How To Buy A House At A Young Age

How To Buy A House At A Young AgeIt’s no secret here on Making Sense of Cents that I am a homeowner.

However, what some people might not know is that I bought my home at the age of 20.


I know this isn’t the norm for most people, and I know that just because some are able to do it and make it work doesn’t mean that it’s for everyone. Most of my friends bought homes when they were around my age as well, so maybe it’s a St. Louis thing? :)

Anyway, we both had okay full-time jobs at the time. Buying a house at a young age was possible for us.

We moved into our home in October of 2009, and I graduated in May of 2010, so we did buy our home thinking that we would have a higher income coming May 2010. Luckily, that worked out in our favor, but I don’t think I would ever recommend buying on an expected higher income unless you knew for sure (150%!) that it would happen.

We bought in 2009, when there was the $8,000 first-time homebuyer tax credit and when the housing market was cheap for buyers. Also, buying a home where I live is cheaper than renting, so that was something that definitely influenced us.

Before we bought, we were renting a house (for super cheap – like $350 a month, if I remember correctly) but had to move because we had a crazy neighbor who had the SWAT team at his house on a monthly basis and he started to threaten our lives as well (some of you know exactly how that ended – not good at all).

Also, I found a snake in my bed one night (yes, an actual SNAKE!) and I was pretty much scared to sleep in that house ever again because of the neighbor and the snake.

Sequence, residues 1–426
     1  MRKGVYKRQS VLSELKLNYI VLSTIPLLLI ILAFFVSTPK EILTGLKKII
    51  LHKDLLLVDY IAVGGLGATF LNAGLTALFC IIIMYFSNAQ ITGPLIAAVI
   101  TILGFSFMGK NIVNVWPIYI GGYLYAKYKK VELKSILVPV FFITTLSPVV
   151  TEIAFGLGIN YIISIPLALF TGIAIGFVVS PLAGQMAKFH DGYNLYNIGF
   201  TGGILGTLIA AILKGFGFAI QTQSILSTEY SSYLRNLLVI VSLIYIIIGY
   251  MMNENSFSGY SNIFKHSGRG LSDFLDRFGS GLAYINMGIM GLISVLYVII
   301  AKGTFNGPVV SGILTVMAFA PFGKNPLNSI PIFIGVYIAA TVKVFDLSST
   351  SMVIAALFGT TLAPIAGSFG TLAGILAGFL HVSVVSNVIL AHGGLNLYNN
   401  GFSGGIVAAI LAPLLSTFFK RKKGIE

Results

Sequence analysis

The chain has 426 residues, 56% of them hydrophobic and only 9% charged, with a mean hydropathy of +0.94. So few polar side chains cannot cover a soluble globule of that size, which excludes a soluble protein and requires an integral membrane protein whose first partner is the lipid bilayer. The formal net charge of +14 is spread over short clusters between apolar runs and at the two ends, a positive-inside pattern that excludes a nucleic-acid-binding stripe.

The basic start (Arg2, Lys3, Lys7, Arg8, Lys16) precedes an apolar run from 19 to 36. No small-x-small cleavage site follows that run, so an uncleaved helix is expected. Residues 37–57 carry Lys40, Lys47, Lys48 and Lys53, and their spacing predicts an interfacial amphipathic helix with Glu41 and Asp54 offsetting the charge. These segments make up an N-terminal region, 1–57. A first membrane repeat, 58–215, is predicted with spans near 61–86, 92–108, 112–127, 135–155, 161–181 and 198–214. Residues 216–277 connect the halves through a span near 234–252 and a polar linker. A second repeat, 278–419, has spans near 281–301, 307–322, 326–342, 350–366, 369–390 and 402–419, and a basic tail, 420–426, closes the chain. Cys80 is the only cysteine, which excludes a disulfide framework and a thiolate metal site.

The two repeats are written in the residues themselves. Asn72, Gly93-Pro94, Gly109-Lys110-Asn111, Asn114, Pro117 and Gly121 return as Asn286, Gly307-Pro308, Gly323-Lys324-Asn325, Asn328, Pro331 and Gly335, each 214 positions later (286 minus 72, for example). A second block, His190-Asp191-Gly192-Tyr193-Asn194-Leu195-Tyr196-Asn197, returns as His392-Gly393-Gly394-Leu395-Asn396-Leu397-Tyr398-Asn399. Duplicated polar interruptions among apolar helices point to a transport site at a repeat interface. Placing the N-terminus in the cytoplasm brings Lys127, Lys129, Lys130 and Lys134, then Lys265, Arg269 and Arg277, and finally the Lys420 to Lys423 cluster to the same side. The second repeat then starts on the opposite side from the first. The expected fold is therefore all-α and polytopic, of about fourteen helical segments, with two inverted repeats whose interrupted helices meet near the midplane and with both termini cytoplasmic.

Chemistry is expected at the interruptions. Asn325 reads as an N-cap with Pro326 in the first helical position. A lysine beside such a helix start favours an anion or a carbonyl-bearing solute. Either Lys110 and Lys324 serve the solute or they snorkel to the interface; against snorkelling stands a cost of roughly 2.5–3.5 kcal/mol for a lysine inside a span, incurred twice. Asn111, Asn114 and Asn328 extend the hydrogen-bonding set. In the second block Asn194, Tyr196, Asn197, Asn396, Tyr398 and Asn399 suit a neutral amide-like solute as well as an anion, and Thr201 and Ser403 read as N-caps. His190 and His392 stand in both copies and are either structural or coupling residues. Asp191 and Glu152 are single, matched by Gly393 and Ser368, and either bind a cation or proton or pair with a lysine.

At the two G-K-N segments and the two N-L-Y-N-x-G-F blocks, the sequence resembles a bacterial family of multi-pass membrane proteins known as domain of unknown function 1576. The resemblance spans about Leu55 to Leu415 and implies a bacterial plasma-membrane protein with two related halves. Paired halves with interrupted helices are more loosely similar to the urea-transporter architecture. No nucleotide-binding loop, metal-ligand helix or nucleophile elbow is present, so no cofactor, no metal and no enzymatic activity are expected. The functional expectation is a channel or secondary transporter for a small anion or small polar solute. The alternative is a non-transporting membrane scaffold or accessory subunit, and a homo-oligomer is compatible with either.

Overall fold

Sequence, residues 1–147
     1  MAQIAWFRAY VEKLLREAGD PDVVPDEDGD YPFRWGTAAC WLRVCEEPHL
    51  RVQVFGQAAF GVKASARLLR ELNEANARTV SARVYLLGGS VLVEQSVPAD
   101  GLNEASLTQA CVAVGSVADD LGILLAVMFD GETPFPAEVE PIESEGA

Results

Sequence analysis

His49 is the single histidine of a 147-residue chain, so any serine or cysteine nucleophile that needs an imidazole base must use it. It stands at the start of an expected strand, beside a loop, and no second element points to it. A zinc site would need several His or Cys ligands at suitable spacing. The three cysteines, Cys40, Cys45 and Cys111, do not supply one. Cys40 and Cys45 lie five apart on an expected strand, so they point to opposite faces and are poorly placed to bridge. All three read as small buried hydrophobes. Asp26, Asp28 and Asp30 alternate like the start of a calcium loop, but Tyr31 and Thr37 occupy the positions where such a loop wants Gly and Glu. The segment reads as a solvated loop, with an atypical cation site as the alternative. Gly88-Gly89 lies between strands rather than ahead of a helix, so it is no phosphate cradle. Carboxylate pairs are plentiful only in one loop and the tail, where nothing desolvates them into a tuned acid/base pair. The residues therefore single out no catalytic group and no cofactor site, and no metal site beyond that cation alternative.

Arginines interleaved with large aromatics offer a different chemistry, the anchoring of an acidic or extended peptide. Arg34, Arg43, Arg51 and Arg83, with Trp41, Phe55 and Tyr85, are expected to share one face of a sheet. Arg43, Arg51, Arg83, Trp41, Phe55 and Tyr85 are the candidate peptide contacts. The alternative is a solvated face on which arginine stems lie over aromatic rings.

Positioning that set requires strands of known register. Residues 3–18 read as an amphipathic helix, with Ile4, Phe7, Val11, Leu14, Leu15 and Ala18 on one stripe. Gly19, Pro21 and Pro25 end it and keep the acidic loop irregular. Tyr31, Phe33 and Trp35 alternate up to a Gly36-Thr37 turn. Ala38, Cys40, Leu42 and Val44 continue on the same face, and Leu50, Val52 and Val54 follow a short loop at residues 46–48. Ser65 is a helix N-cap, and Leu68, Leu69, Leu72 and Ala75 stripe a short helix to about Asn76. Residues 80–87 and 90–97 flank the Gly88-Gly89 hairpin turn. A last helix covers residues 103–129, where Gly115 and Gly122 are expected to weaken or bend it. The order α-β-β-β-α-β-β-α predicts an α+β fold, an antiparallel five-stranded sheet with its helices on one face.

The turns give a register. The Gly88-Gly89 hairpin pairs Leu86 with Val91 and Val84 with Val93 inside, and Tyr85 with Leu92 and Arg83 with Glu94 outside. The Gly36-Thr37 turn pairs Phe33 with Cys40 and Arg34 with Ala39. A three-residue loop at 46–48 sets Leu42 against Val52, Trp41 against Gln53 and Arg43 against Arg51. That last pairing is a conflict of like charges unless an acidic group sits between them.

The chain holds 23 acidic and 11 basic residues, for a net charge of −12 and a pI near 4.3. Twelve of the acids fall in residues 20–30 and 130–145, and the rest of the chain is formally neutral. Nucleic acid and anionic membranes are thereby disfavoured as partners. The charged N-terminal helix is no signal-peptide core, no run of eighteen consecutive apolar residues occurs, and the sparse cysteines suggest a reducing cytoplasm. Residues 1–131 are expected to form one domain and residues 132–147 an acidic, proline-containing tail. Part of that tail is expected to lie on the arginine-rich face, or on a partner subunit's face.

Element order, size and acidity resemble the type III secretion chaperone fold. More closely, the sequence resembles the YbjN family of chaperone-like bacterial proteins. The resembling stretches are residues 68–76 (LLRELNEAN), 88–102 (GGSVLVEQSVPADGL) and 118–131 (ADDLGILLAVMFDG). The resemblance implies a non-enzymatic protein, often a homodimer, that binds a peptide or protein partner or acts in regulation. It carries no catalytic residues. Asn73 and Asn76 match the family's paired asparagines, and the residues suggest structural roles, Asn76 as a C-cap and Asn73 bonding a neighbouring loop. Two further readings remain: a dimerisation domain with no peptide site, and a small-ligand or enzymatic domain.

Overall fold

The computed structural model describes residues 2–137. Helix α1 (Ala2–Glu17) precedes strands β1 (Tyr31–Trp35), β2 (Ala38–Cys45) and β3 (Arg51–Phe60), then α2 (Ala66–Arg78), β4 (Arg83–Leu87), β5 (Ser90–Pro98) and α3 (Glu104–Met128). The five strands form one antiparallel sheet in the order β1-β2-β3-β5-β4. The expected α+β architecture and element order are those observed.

Even though we were both very young, houses were a steal at the time, and we needed a new place to live.

Here are my tips to help you buy your next home. If you want to buy a house at a young age, or any age, there are things you might want to think about.


Do you actually want to buy? Or should you rent?

Before you decide that you absolutely want to buy your next home, you should stop and think about the positives and negatives of both home ownership and renting. Not everyone is meant to be a homeowner. And not everyone wants to rent.

Some different things that you should think about include:

  • Do you want to travel a lot? If you want to travel, then having a permanent home where you have to pay the bills even if no one is there may be a waste of money for you.
  • Do you plan on moving for your career? If you are young, then you may still be early in your career and you may decide that you want to leave your home city one day. I actually was offered a position right after I graduated from college (around 6 months after we bought our house) and they wanted me to move. Luckily, the position kind of sucked and the town they wanted me to move to sounded absolutely horrible (I think there were around 100 people that lived in the whole COUNTY of where the position was located) so I didn’t give the position any thought.
  • How’s your credit? If you are young, then you may not have even established any credit. It would be very hard, if not impossible, to buy a home without a good credit score.
  • Do you have time and/or money for home maintenance? If you own your home, then there will be home maintenance that goes along with it – it doesn’t matter if your house is new or old, stuff happens. Something may break, grass needs to be mowed, and so on.


Read my past article Is A House Right For You for more information.


What kind of home do you want?

Each person is different. Just because the “American Dream” is said to be a suburban house with a white picket fence, doesn’t mean that it’s everyone’s dream.